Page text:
London residents on Grenfell fire: “Heads have got to roll!”
By our reporters
5 July 2017
Jane, 16, lives with her parents at Barandon Walk on the Lancaster West housing estate. She explained that since the fire their homes had been without hot water or gas. Her family was left there for two days but is now in emergency accommodation in a nearby hotel.
“I knew a girl in the tower who went to my primary school, but she and her family sadly passed away. I knew some other people in there too, but luckily, they got out.” On the morning after the fire, Jane did her GCSE exams at a local church. “They gave us water, clothes, food. The community came together.”
Complaints about fire safety by residents at Grenfell Tower were common knowledge. “It’s horrible. If people are telling them from a very long time ago that there’s issues—the fire alarms aren’t working, there’s no sprinklers—then as a council you’re responsible. You should be the ones willing to put that in, so we are all safe. It’s like they knew this was going to happen, like they wanted it to happen. I still can’t believe it to this day—I can’t look at the building.
“Rich people never liked this building. It doesn’t look good. I think they just planned it to be honest—to move us all out of the area, because it’s a rich borough. But we’re a strong community. They’re not going to be able to do it. We’ll stick together and we’ll fight.”
None of the residents WSWS reporters spoke to believe the official death toll, and Jane said the number of lives lost was likely “in the hundreds”. “The way that fire was going—all of them are dead. The fire went up so fast I don’t think anyone could have escaped. More than 80 people lost their lives. Way more.”
Jane described how fire engines had trouble gaining access to the tower when the fire broke out. “The road near Grenfell Tower is really narrow and tight, and because there were already cars parked there, the fire trucks were too big, so they couldn’t easily go through to help. The space around Grenfell Tower is very compact—there’s the park, the school, the leisure centre. It’s all very close, so there was nowhere to go.”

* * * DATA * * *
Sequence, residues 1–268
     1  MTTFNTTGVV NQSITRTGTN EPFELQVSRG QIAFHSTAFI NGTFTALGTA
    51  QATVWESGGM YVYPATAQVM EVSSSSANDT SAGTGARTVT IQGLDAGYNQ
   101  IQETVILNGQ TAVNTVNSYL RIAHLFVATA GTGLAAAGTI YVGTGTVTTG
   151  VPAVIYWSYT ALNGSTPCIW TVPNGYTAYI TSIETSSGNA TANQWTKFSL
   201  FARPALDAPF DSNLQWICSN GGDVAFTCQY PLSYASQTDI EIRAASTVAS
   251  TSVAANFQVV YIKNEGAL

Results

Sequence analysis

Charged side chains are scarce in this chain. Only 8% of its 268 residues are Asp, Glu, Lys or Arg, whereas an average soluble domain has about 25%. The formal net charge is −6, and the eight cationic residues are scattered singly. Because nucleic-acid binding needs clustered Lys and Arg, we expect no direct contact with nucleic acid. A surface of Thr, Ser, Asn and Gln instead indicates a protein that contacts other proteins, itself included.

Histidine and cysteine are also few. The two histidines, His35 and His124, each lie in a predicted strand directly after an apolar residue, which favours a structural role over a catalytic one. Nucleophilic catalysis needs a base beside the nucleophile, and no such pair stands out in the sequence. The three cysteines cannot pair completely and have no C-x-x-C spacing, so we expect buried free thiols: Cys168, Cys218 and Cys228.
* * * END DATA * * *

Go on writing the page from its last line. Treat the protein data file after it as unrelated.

People waited to be rescued while the tower burned, but there was no equipment to save them. “If you’re building towers like this, you should fund the fire brigade to have equipment. But they don’t want to waste money on us. If it was rich people, they’d do it straight away. Without a doubt.”
Vanessa agreed: “To be honest, the government—I don’t think they care about us at all. What they’re trying to do is social cleansing. They don’t care about the working class. They’re not helping in any way. The only people who have actually helped is the community getting together, opening services. The government doesn’t care about us and they’re never going to care about us.
“We’re not like the rich people. They’re trying to social cleanse this entire area of the working class so that foreign buyers, whose properties cost millions, can move in. They know the working class don’t have the money to buy those properties. We need to stop that. It’s not right. Where’s everyone going to end up?”
Reporters showed Jane and Vanessa a WSWS video of a resident of the city of Flint in the United States speaking about the Grenfell fire.
This 28 June 2017 video from the USA is called Flint autoworker to London workers: “You have the right to a home!”
Flint’s population has suffered for years the devastating consequences of a scheme to build a new water pipeline. State and local officials switched the city’s water supply to the polluted Flint River, even though the city’s antiquated water treatment plant was unable to make the water safe.